judges except Flemyng. 2 Cro. 260. 1 Bul. 61. Per Holt, 2 Sand. 386. Arg.
So, though the reversion descends upon a particular estate, with a contingent remainder, created by devise; except when it may take effect as an executory devise. R. 2 Cro. 260. R. 2 Lev. 202.
So, if the particular estate be merged in the reversion by the surrender of the tenant.
Or determined by the death of the tenant. R. 1 Sal. 238.
So, if the particular estate be destroyed before the contingency happens, by the act or wrong of the tenant: as, if tenant for life, remainder to his right heir in tail, remainder in fee to tenant for life, makes a feoffment, or levies a fine, whereby his estate for life is gone. R. 1 Co. 66. b. R. Cro. El. 680. 1 Co. 135. b. R. Mo. 545.
So, if tenant for life be attainted for treason, or felony. R. Mo. 815. Semb. Sal. 576.
So, if there be tenant for life, remainder upon a contingency, remainder in tail, and tenant for life joins with the remainder-man in tail in a fine; though each passes only that which he lawfully may, the remainder is lost. Per Hale, 2 Sand. 386.
So, if tenant in tail, remainder to the right heirs of B. makes a feoffment in the life of B. the remainder never can vest. i Co. 135. b.
So, though the act which destroys the particular estate be voidable; as, if a feme covert be tenant for life, and the reversion is granted to her and her husband; though she may afterwards waive it, the contingent remainder depending thereon is gone. R. 2 Sand. 387. 2 Lev. 39.
So, if tenant for life be non compos, and makes a surrender to him in reversion : if his surrender is not void, but only voidable. R. M. 9 W. 3. inter Thompson and Leach. Sal. 576. (Vide Comyns's Rep. 46.)
So, if an estate be to husband and wife for life, remainder to the heirs of the survivor, and the husband alone makes a feoffment, and dies; the remainder is gone, though the wife might avoid the feoffment eo instante that the contingency happens. R. Cro. Car. 102. Vide 2 Rol. 796. l. 45. But Holt said that it was a nice case. M. 9 W. 3. inter Thompson and Leach. (Vide Comyns's Rep. 46.)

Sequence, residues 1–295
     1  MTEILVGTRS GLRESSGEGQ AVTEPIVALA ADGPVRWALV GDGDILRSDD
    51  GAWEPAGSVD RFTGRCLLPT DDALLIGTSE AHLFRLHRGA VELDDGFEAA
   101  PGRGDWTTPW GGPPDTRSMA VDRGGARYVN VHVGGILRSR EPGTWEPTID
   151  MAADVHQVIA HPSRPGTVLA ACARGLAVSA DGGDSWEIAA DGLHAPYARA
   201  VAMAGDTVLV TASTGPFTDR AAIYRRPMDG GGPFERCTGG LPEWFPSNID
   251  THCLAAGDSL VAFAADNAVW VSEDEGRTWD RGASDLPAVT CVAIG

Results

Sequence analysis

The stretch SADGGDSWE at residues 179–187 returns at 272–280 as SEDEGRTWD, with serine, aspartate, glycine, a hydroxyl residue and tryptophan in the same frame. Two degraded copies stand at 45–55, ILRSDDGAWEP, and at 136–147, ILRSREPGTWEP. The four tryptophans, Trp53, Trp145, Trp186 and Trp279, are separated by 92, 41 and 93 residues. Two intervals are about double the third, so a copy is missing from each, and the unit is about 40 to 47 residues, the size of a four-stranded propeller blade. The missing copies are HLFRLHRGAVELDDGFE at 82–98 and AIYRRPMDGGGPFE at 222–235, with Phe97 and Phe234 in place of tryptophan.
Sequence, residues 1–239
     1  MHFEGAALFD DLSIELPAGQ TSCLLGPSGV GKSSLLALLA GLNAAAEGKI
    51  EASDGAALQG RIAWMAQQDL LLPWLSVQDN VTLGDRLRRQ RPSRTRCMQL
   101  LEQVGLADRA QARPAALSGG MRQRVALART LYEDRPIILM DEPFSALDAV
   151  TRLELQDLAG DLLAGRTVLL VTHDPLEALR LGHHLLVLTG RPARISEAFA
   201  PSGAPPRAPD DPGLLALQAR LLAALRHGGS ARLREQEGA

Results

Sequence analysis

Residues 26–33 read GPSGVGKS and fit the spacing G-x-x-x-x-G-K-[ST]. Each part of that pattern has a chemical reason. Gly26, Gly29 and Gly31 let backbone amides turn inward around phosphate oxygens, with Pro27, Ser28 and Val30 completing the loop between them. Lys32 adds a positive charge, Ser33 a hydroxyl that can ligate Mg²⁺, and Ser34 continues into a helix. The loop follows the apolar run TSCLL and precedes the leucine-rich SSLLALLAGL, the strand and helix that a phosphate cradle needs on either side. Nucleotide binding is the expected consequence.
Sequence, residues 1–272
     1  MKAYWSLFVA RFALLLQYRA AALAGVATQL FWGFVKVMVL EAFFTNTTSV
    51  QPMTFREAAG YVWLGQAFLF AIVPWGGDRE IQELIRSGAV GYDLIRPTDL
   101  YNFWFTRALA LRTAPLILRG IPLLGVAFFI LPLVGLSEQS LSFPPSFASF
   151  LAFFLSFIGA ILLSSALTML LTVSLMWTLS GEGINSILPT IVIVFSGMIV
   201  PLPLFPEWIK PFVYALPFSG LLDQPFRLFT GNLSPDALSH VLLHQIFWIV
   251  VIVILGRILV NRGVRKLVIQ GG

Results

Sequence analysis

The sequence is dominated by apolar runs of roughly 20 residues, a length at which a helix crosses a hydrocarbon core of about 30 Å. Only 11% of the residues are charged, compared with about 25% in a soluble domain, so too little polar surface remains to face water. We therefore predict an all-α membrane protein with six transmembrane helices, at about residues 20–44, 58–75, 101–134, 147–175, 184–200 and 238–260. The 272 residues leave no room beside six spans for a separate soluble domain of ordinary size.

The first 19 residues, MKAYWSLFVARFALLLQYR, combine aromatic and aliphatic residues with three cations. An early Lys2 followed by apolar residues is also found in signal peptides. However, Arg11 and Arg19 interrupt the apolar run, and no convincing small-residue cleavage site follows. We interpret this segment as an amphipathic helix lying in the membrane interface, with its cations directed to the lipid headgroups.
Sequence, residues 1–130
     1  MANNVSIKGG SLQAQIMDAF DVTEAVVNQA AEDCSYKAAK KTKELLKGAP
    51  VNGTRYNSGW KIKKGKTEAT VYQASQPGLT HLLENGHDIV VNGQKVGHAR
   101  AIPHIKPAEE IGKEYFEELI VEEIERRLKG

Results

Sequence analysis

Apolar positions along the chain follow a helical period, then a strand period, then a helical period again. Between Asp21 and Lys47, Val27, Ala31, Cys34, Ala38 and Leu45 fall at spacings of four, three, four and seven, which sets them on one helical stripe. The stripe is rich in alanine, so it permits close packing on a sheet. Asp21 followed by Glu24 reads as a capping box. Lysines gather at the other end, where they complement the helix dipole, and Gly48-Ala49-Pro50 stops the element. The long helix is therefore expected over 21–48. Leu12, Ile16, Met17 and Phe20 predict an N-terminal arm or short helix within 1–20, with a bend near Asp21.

So, if tenant for life makes a feoffment upon condition. Per Holt, M. 9 W. 3. (Vide Comyns's Rep. 46.)
Though the condition be broken before the contingent remainder happens: for a bare title of entry is not, though a présent right of entry is sufficient to support a contingent remainder. Per Holt, M. 9 W. 3. (Vide Comyns's Rep. 46.)
diate from the person by whose will the particular estate and contingent remainders are limited, the descent of the inheritance does not merge the contingent remainders; but that where those estates are not created by the will of the ancestor, from whom the inheritance descends on the particular estate, the descent merges the contingent remainders.—18. In the seventeenth, that where a particular estate is limited with a contingent remainder over, and afterwards the inheritance is subjoined to the particular estate by the same conveyance, the contingent remainder is, generally speaking, not destroyed; where the accession of the inheritance is by a conveyance, accident, or circumstance, distinct from that conveyance which created the particular estate, the contingent remainder is, generally speaking, destroyed. — 19. In the eighteenth section he considers the effect of a feoffment upon condition, by a tenant for life, in destroying contingent remainders,